If you live within the US and have believe you have LGMD2B/Miyoshi Myopathy, please send a message to us and we will update you on programs in support of genetic diagnosis.
(1) Characterizing a KI mouse model carrying an exon 32 nonsense mutation.
(2) Evaluating the functionality of exon 32 skipping in a living animal.
(3) Extending the exon skipping strategy to the entire C2D domain (comprising exon 32, and in addition exons 31, 33 and 34) using a multiple exon skipping approach.
Our laboratory is interested in how lipids associated to ‘Western’ diets, such as triglycerides and cholesterol, can participate to the pathogenesis of dysferlinopathy. Using various genetic models of altered lipid metabolism in combination with dysferlinopathic mice, we are currently studying how muscle fibers respond to changes in circulating lipid and lipoproteins levels, and whether correcting certain plasma lipid parameters would attenuate the rate of decline in muscle function associated with dysferlinopathies.
Brian Chait, D.Phil., is the Camille and Henry Dreyfus Professor at the Rockefeller University in New York and head of the Laboratory for Mass Spectrometry and Gaseous Ion Chemistry. He specializes in the development and use of mass spectrometry as a tool for investigating a variety of biological and biochemical phenomena.
The aim of the study is to assess the therapeutic effect of bone marrow transplantation in A/J mice. So far, there is no effective treatment for dysferlinopathies. Preliminary studies from our group have shown some functional improvement in A/J mice treated with bone marrow transplantation. We have observed some functional improvements 22 weeks after bone marrow transplantation (BMT). We are interested in studying if this beneficial effect is maintained over time.
Dysferlinopathy is a chronic, progressive skeletal muscle wasting disease resulting from loss of function mutations in the gene dysferlin. Macrophages and adipocytes are prominent in the inflamed skeletal muscles of patients with dysferlinopathy. These myeloid cells increase and localize to fat depots within skeletal muscles of mice on a high fat diet. However, it is not clear whether macrophages and adipocytes directly and/or indirectly interact in inflamed muscles. Macrophages are integral to both tissue repair and destruction.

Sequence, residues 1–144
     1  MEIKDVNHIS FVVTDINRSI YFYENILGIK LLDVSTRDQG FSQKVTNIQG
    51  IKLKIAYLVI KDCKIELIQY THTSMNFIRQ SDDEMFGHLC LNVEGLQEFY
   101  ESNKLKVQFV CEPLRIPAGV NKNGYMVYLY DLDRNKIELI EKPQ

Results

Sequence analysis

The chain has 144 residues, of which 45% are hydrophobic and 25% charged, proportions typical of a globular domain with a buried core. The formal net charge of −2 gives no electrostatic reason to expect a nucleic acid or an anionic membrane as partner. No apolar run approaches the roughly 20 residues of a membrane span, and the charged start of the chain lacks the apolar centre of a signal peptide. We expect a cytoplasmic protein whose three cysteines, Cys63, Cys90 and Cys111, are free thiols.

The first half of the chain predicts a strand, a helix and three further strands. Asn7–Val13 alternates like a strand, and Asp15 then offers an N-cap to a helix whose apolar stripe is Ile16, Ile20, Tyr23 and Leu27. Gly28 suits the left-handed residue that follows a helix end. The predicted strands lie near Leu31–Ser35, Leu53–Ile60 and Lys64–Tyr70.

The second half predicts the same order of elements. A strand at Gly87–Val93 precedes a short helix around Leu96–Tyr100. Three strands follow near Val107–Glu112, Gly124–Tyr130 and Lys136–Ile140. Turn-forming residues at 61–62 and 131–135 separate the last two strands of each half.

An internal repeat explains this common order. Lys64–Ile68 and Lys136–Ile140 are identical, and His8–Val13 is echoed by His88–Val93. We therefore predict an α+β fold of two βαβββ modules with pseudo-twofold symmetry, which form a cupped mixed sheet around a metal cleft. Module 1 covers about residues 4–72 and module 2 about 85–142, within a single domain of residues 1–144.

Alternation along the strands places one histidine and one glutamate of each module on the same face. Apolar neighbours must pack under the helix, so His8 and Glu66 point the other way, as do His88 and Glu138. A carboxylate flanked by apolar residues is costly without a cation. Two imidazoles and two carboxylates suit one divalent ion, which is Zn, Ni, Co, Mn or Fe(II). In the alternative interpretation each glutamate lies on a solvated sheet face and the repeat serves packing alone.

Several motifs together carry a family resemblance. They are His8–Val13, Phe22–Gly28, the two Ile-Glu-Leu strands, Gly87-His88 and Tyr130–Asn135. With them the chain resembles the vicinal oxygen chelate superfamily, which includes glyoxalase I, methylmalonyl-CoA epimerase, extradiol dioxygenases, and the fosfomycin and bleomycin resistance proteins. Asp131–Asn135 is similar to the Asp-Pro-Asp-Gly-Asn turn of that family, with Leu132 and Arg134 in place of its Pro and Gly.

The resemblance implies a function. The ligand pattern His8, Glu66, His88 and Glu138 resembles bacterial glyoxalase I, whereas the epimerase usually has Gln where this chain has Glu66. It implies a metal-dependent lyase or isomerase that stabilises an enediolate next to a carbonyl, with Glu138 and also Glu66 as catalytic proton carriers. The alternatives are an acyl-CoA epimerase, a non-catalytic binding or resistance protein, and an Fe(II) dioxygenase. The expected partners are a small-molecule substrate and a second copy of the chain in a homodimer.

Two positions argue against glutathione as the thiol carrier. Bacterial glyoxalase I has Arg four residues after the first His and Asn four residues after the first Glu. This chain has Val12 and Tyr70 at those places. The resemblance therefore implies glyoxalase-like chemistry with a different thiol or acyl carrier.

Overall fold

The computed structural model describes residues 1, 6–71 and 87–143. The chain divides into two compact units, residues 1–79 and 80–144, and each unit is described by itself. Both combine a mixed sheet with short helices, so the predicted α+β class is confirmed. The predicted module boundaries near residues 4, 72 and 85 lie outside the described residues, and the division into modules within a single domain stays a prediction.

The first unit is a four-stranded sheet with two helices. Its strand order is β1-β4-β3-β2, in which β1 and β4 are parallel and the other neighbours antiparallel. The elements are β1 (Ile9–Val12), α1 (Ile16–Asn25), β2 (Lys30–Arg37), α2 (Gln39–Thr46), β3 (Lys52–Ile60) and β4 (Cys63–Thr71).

A common characteristic of dysferlinopathy is an exuberant inflammatory response with abundant macrophage infiltration that may contribute to the pathogenesis of the disease. Our specific hypothesis for this proposal is that thrombospondin-1 (TSP-1) promotes a destructive monocyte/macrophage response that exacerbates muscle damage. Our initial studies indicate that TSP-1 levels correlate with macrophage accumulation and phagocytosis leading to loss of muscle mass in dysferlin deficient mice.
We are interested in one of the main mysteries of dysferlin deficiency; how individuals who lack dysferlin appear to have perfectly normal muscle function for much of the early part of their lives but go on to have increasingly severe loss of muscle later in life. This change is seen in the mouse models of dysferlin deficiency, too. Young BlaJ mice show no sign of spontaneous muscle pathology, but after the end of growth at about 4 months there are signs of degeneration and regeneration.
This project is devoted to translating AAVrh.74.Dysferlin Dual Vector (DV) gene transfer to the clinic. In this approach, two viral vectors are co-administered to reconstitute the full-length dysferlin gene. This is mediated by a 1 kb region of homology between the two vectors. The first phase of the project focused on completing the pre-clinical data necessary to support IND application and includes: long term assessment of dysferlin expression following dual vector delivery; definition of the minimum effective dose to achieve functional restoration in dysferlin deficient mice; and demo